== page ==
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Old 01-30-2013, 04:46 PM   #16
ChrisHein
 
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Dojo: Aikido of Fresno
Location: Fresno , CA
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Re: "resisting" a push part 2

I've been thinking about this problem a lot the last few days, and how to best explain the way I understand it.

Here is the problem: we have a force coming at us (it's entering our body), I would like to give that force a number, to help keep things clear as we move through the problem. The force coming at us is "10".

We want to keep this force of "10" from pushing us over. To do this, we'll have to 'resist' the force with a force of our own that equals "10" or more.

Inside of our body, we have three things that can 'resist' forces. Two of these things provide 'inactive force' that is to say their structural integrity provides the force, like a table holding a drink. One of these things provides 'active force' that is to say it can change/vary the amount of force it provides. The things that provide 'inactive force' are bones and connective tissue. The things inside your body that can provide active force, are muscles. These are the only three things we have to resist an incoming force.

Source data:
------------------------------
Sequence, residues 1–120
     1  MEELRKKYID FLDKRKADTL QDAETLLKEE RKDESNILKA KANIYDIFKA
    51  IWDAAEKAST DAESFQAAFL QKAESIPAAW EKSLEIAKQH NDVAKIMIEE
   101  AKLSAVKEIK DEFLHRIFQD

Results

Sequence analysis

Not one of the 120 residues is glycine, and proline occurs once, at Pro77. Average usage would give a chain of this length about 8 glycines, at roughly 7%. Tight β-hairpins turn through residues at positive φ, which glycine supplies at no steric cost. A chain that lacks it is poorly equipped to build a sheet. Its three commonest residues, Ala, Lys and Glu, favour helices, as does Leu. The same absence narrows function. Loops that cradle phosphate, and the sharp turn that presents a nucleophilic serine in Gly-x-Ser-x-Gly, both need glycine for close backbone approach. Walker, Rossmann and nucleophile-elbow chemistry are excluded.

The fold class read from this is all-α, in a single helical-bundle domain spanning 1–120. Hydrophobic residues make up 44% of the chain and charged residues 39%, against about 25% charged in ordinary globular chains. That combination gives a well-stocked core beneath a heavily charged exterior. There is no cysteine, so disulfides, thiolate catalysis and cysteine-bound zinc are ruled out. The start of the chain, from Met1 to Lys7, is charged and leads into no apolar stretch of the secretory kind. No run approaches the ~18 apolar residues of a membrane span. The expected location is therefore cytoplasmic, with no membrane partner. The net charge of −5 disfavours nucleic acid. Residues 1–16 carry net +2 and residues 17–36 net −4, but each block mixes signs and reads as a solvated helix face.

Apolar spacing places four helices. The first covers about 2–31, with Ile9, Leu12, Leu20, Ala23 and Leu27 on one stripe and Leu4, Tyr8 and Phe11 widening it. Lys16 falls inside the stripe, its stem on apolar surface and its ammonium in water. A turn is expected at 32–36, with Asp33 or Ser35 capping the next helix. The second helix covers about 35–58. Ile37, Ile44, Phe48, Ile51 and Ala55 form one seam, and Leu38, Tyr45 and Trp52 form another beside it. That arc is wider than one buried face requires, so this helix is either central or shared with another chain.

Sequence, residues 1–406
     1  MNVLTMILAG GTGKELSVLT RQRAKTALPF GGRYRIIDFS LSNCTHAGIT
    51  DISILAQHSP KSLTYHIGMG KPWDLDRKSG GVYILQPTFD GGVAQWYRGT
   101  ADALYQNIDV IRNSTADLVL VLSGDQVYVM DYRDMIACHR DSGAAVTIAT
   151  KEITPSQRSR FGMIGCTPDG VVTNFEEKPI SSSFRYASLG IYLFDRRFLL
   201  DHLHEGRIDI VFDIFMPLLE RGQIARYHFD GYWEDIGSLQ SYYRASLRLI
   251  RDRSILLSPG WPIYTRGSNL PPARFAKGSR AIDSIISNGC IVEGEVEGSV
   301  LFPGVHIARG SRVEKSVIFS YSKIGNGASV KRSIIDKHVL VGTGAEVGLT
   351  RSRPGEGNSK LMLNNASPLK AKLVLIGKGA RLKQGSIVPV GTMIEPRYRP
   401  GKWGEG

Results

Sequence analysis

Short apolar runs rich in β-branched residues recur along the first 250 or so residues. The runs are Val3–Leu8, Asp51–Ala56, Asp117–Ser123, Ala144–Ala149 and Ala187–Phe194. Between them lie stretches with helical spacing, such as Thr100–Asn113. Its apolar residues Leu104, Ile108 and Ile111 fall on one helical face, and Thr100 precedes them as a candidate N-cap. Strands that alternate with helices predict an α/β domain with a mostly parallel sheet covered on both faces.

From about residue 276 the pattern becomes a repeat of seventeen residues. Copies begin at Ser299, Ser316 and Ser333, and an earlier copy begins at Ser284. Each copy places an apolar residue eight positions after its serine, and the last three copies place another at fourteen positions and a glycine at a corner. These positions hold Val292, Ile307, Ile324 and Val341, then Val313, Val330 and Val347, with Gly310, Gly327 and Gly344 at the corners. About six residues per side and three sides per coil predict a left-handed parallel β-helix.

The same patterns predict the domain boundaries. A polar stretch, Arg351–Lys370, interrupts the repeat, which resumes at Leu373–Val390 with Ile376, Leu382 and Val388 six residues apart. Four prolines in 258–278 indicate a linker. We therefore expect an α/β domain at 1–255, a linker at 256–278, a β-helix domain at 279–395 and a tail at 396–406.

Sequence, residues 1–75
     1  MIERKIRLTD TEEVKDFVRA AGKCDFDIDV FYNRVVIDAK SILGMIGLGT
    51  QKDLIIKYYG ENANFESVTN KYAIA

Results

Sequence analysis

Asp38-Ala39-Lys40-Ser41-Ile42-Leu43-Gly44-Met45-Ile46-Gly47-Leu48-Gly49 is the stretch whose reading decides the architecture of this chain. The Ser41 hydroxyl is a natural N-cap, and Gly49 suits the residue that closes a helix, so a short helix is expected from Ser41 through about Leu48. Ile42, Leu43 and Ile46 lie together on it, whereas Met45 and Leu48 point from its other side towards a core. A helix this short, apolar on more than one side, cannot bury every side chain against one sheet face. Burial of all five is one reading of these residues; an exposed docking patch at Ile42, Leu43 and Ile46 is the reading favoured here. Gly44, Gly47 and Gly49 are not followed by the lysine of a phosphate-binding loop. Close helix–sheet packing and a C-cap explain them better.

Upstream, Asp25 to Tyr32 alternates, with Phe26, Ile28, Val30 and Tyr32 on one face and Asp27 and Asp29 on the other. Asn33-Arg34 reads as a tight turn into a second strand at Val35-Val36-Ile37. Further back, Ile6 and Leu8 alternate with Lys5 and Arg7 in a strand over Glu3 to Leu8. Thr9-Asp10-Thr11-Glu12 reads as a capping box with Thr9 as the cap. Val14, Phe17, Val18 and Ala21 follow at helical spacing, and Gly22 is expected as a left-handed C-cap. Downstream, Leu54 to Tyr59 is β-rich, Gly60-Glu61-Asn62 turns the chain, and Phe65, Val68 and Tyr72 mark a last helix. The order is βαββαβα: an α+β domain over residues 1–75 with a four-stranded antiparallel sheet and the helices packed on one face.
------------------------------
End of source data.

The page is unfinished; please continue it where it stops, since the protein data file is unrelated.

If in proper alignment, the bones can provide a force to resist a push with no muscular help at all. That is to say, if your body was propped into the right position, you wouldn't need any muscle to resist the incoming force. Connective tissue can do the same thing. If placed into the correct alignment, it can resist a force with no muscular contraction. However in order to move the bones and connective tissue into the correct positions we have to use our muscles. Also in order to "hold" the bones and connective tissue in these positions, the muscles have to work. Ideally we can find an arrangement that requires very little muscular tension to hold this position. This is the essence of "alignment" we arrange our bones and connective tissue in such a way that we don't require much muscle to hold them there. If we don't arrange our connective tissue and bones in a good way, we have to use more muscle to hold the position (the bone's and connective tissue aren't helping us as much).

If you've followed what I've written so far, and agree, we can look at my main question.

If you're not using the bones and connective tissue in good alignment with the ground, how is it that you are not using more muscle to resist the force??

Here are some diagrams I made to show what I feel is going on with muscles and bones in and out of alignment. It also shows what I would call these different alignments.
Click image for larger version

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The first diagram shows how little muscle would have to work if the bones (and connective tissue) take some of the force. The bones in the arm arm aligned with the incoming force.

In the second diagram, the bones are not in alignment with the force. So the muscles have to work harder to support the force, as the bones (and connective tissue) are not taking some of the force)

In the third diagram, we see someone firing extra muscles that are not needed to resist the incoming force. I would say this is the kind of thing people are talking about when they describe "external" body use.

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